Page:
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5.10: End of Chapter Discussion

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    1. How do you think modern communication technologies like cell phones and computers are changing how people communicate? Is the change positive or negative?
    2. How is language related to social and economic inequality? Do you think that attitudes about language varieties have affected you and/or your family?
    3. How has the use of specific terms in the news helped to shape public opinion? For example, what are the different implications of the terms terrorist versus freedom fighter? Downsizing versus firing staff at a company? Euphemistic terms used in reference to war include friendly fire, pacification, collateral damage? Can you think of other examples?
    4. Think about the different styles you use when speaking to your siblings and parents, your friends, your significant other, your professors, your grandparents. What are some of the specific differences among these styles? What do these differences indicate about the power relationships between you and others?


    Arbitrariness: the relationship between a symbol and its referent (meaning), in which there is no obvious connection between them.

    Closed communication system: a form of communication that cannot create new meanings or messages; it can only convey pre-programmed (innate) messages.

    Code-switching: using two or more language varieties in a particular interaction.

    Creole: a language that develops from a pidgin when the pidgin becomes so widely used that children acquire it as one of their first languages.

    Critical Age Range Hypothesis: research suggesting that a child will gradually lose the ability to acquire language naturally and without effort if he or she is not exposed to other people speaking a language until past the age of puberty. This applies to the acquisition of a second language as well.

    Cultural transmission: the need for some aspects of the system to be learned; a feature of some species’communication systems.

    Descriptive linguistics: the study of the structure of language.

    Dialect: a variety of speech. The term is often applied to a subordinate variety of a language. Speakers of two dialects of the same language do not necessarily always understand each other.

    Discreteness: a feature of human speech that they can be isolated from others.

    Displacement: the ability to communicate about things that are outside of the here and now.

    Gesture-call system: a system of non-verbal communication using varying combinations of sound, body language, scent, facial expression, and touch, typical of great apes and other primates, as well as humans.

    Historical linguistics: the study of how languages change.

    Interchangeability: the ability of all individuals of the species to both send and receive messages; a feature of some species’ communication systems.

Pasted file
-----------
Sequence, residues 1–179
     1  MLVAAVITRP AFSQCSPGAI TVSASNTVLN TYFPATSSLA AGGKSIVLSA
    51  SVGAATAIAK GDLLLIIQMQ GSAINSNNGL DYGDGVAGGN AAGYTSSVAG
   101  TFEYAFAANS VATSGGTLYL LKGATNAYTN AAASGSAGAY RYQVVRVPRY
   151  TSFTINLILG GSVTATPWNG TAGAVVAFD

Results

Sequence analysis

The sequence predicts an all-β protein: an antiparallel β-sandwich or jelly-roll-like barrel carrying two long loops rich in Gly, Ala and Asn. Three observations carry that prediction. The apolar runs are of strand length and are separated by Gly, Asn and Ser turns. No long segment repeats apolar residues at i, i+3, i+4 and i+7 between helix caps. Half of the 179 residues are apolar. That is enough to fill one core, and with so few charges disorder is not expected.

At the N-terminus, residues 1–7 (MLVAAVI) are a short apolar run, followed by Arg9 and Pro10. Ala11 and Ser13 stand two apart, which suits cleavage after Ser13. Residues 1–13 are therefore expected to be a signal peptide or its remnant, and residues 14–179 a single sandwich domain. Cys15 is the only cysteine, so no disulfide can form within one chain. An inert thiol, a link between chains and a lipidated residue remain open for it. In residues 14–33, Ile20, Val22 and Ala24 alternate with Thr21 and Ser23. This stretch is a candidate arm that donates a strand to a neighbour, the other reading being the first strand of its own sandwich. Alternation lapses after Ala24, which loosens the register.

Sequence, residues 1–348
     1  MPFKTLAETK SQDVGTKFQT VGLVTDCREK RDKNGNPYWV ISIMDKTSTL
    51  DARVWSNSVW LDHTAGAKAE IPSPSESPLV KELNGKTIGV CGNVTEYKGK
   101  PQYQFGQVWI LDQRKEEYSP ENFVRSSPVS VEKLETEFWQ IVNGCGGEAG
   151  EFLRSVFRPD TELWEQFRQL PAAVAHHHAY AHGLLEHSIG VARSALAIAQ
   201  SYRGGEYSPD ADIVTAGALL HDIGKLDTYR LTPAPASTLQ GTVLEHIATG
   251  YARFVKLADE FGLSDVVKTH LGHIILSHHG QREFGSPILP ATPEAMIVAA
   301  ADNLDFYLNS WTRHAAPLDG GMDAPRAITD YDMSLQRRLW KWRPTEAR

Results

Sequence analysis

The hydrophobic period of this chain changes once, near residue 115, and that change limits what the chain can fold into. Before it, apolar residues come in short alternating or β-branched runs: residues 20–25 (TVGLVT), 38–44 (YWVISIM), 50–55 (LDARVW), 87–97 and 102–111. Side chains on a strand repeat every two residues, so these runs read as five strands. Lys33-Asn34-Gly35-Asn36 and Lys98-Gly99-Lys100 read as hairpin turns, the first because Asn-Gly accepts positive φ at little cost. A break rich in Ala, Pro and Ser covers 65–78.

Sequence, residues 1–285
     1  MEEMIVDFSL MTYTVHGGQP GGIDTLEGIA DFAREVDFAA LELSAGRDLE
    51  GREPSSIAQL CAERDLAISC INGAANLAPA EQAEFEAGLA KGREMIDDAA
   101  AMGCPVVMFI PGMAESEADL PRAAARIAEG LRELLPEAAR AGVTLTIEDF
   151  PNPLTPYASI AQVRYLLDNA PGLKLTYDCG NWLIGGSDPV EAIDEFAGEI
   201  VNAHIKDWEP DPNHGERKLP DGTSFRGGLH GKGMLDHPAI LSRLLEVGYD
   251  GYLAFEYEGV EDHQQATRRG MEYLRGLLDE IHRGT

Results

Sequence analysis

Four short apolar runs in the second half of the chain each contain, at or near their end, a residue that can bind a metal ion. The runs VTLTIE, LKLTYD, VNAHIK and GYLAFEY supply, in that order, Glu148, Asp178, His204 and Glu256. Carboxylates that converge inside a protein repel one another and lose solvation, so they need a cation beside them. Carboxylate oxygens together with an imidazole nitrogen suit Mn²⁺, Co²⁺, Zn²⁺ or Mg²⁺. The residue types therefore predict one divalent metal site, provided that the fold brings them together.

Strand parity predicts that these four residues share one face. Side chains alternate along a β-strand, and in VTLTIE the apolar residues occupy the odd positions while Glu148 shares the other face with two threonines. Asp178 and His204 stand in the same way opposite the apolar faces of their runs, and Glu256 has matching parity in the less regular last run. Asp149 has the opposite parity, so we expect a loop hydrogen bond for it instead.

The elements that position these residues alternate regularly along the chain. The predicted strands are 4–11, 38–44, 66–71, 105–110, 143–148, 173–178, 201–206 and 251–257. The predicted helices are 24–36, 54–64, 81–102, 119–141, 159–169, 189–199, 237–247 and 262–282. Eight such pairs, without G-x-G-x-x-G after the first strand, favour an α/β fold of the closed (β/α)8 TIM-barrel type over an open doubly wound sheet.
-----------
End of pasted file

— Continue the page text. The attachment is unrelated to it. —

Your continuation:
Kinesics: the study of all forms of human body language.

    Language: an idealized form of speech, usually referred to as the standard variety.

    Language death: the total extinction of a language.

    Language shift: when a community stops using their old language and adopts a new one.

    Language universals: characteristics shared by all languages.

    Lexicon: the vocabulary of a language.

    Linguistic relativity: the idea that the structures and words of a language influence how its speakers think, how they behave, and ultimately the culture itself (also known as the Sapir-Whorf Hypothesis).

    Morphemes: the basic meaningful units in a language.

    Open communication system: a form of communication that can create an infinite number of new messages; a feature of human language only.

    Oralist approach: an approach to the education of deaf children that emphasizes lip-reading and speaking orally while discouraging the use of signed language.

    Paralanguage: those characteristics of speech beyond the actual words spoken, such as pitch, loudness, tempo.

    Phonemes: the basic meaningless sounds of a language.

    Pidgin: a simplified language that springs up out of a situation in which people who do not share a language must spend extended amounts of time together.

    Pragmatic Function: all signs serve a useful purpose in the life of the users, from survival functions to influencing others’ behavior.

    Pragmatics: how social context contributes to meaning in an interaction.

    Productivity/creativity: the ability to produce and understand messages that have never been expressed before.

    Proxemics: the study of the social use of space, including the amount of space an individual tries to maintain around himself in his interactions with others.

    Register: a style of speech that varies depending on who is speaking to whom and in what context.

    Semanticity: signs carry meaning for users

    Semantics: how meaning is conveyed at the word and phrase level.

    Standard language: the variant of any language that has been given special prestige in the community.

    Syntax: the rules by which a language combines morphemes into larger units.

    Taxonomies: a system of classification.

    Universal grammar (UG): a theory developed by linguist Noam Chomsky suggesting that a basic template for all human languages is embedded in our genes.

    Vernaculars: non-standard varieties of a language, which are usually distinguished from the standard by their inclusion of stigmatized forms.

    Adapted From

    "Language" by Linda Light, California State University. In Perspectives: An Open Invitation to Cultural Anthropology, 2nd Edition, Society for Anthropology in Community Colleges, 2020, under CC BY-NC 4.0.

    5.10: End of Chapter Discussion is shared under a CC BY-NC license and was authored, remixed, and/or curated by LibreTexts.